Henry Alsberg

The Driving Force of the New Deal Federal Writers’ Project

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About the Book

During the Great Depression, Henry Alsberg, a journalist with a passion for social justice, directed the Federal Writers’ Project, a New Deal program of the Works Progress Administration. Under his guidance, thousands of unemployed writers were hired. Despite attacks from the House Committee on Un-American Activities, the Project produced more than 1,000 publications from 1935 to 1939, including the still highly acclaimed American Guide series. Some writers, such as Richard Wright, went on to storied careers. Alsberg led the Project’s collection of more than 10,000 oral histories from ex-slaves, immigrants and others.
Alsberg was also a leader in the struggle to save Jewish pogrom survivors in Eastern Europe. Later, he initiated the first major effort to assist international political prisoners. His friends included anarchist revolutionary Emma Goldman and U.S. Supreme Court Justice Felix Frankfurter. This book brings Alsberg to light as an important but forgotten figure of the 20th century.

About the Author(s)

Susan Rubenstein DeMasi is a professor at Suffolk County Community College in New York. A journalist, playwright, and screenwriter, her work has appeared in The New York Times and other publications.

Bibliographic Details

Susan Rubenstein DeMasi
Format: softcover (6 x 9)
Pages: 296
Bibliographic Info: 20 photos, notes, bibliography, index
Copyright Date: 2016
pISBN: 978-0-7864-9535-1
eISBN: 978-1-4766-2601-7
Imprint: McFarland

Table of Contents

Table of Contents

Acknowledgments ix
Preface 1
Introduction 5
1. “The strangely gifted Henry G. Alsberg” 1881–1907 11
2. The Wanderlust of a “Philosophical Anarchist” 1907–1918 28
3. “Our people are suffering in a terrible way” December 1919–May 1920 49
4. Tyranny by Prophets May 1920–August 1921 73
5. At Sea, and at Sea Again September 1921–September 1927 94
6. “The best souls and brains of Russia are being exterminated” 1924–1929 111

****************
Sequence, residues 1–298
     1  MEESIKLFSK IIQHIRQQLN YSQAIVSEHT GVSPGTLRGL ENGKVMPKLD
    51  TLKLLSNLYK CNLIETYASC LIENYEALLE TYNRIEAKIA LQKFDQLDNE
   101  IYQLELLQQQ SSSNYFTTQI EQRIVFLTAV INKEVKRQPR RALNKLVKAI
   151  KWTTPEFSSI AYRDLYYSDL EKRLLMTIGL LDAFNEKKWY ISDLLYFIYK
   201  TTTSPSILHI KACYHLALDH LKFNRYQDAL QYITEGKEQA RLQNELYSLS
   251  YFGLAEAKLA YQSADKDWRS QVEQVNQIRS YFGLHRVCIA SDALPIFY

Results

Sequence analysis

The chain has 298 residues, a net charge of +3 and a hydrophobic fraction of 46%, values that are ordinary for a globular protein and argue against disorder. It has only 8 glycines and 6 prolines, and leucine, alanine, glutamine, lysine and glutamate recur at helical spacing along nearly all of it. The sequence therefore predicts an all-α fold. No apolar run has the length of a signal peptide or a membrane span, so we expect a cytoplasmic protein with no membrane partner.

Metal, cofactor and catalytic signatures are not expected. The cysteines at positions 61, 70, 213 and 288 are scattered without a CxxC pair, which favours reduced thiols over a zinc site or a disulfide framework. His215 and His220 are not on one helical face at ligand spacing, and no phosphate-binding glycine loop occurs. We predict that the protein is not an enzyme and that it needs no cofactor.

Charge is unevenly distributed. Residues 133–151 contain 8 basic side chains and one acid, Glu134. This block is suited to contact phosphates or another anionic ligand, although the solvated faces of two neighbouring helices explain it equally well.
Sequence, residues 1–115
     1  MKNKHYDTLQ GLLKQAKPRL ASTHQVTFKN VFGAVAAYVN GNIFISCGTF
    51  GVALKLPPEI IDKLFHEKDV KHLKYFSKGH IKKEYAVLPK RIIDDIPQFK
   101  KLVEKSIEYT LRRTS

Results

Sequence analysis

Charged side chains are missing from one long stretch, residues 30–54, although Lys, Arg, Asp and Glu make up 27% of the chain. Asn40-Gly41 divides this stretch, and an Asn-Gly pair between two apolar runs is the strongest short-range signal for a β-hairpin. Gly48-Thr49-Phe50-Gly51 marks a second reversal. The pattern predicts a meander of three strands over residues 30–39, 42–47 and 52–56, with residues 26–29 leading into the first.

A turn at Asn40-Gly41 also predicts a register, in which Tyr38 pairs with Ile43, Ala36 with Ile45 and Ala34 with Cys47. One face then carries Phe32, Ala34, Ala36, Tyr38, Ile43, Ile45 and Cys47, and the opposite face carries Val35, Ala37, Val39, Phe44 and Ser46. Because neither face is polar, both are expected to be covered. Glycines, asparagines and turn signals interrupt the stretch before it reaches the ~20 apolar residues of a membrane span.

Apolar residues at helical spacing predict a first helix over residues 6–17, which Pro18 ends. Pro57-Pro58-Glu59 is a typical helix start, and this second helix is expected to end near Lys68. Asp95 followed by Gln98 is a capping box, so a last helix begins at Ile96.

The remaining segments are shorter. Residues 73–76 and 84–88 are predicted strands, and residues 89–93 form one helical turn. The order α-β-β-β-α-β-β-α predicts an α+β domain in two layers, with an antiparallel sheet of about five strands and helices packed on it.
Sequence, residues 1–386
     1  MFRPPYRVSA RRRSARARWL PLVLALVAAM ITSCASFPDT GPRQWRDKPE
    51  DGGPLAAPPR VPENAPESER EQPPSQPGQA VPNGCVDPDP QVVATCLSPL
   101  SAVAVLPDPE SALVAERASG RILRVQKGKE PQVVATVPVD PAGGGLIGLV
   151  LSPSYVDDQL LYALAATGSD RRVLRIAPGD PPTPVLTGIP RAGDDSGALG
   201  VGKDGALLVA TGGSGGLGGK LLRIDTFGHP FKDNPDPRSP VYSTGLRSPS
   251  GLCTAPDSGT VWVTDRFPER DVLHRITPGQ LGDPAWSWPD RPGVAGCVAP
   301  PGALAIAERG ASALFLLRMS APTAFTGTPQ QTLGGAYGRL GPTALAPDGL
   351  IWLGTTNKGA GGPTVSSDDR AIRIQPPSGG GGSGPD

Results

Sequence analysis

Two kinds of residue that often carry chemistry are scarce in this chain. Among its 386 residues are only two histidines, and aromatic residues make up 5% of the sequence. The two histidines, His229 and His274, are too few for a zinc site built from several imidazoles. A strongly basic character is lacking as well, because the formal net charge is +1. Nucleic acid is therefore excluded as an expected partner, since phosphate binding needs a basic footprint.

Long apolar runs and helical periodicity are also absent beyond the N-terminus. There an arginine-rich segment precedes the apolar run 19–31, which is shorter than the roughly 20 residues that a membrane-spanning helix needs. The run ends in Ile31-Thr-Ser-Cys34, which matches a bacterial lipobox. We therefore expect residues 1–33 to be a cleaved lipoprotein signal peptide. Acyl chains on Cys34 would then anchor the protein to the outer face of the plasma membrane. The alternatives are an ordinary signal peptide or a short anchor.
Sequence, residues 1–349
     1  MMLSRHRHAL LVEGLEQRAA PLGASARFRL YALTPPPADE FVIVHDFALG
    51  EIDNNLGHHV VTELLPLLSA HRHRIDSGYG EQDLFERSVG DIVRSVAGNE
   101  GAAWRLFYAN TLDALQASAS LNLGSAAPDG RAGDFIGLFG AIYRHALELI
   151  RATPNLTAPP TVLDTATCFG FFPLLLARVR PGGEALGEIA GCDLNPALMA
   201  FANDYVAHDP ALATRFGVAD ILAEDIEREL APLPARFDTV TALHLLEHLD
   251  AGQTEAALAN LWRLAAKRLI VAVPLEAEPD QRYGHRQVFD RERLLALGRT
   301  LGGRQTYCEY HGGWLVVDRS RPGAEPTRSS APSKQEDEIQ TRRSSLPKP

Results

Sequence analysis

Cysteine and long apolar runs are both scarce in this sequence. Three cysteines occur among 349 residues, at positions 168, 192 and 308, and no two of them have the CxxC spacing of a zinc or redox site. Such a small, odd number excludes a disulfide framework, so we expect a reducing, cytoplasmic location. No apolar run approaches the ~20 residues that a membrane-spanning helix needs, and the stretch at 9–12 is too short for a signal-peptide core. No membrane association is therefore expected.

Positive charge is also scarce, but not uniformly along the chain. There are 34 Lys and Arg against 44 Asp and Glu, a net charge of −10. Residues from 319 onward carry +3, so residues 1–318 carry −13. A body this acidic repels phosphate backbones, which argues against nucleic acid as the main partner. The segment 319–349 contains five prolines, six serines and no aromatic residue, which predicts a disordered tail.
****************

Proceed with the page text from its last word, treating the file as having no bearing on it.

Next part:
7. The Interlude of New York Theater: A “Portentous Possibility” 1924–1929 127
8. “To the daring belongs the world” 1929–1934 143
9. The Man Who Wrote America: The Federal Writers’ Project 1935–1938 156
10. Cultural and Creative Expressions: The FWP’s American Mosaic 1936–1938 180
11. “Naked before his enemies” 1938–1939 199
12. The Radical Lives of Henry Alsberg 1939–1970 223
Epilogue: Lost Treasures 249
Chapter Notes 253
Bibliography 271
Index 279

Book Reviews & Awards

“Henry Alsberg’s name does not spring immediately to mind when thinking about New Deal administrators, but as director of the Federal Writers’ Project, Alsberg (1881–1979) played a major role in assisting writers and other creative Americans whose livelihoods were destroyed in the Great Depression. DeMasi provides a detailed account of the experiences and talents that prepared Alsberg to take on the challenge. This work on Alsberg is long overdue. Highly recommended”—Choice; “Largely forgotten today, Henry Alsberg is the kind of hero we need to celebrate and the kind of man we need to emulate. Susan Rubenstein DeMasi has brought him back to life for us with her well-crafted biography of this literary savant who doubled as a human rights champion. Flawed and fascinating, Alsberg has met in DeMasi the perfect chronicler of his remarkable journey.”—William F. Schulz, President, Unitarian Universalist Service Committee and former Executive Director of Amnesty International USA; “The early 20th century was a turbulent time of social change, soaring political hopes and disillusion. There was the beginning of the NAACP, the American Civil Liberties Union and other social justice movements. And there was a man who worked with them all: Henry Alsberg. Susan Rubenstein DeMasi has resurrected Alsberg, entertainingly told his story, and through him, the story of anti–Semitic pogroms, the aspirations and betrayals of Communism, the persecution of dissent in America, and the first organized effort to help political prisoners. I never knew about Henry Alsberg, or his role in these issues. Now I do. And so should you.”—Ira Glasser, Executive Director, American Civil Liberties Union, 1978–2001 (retired).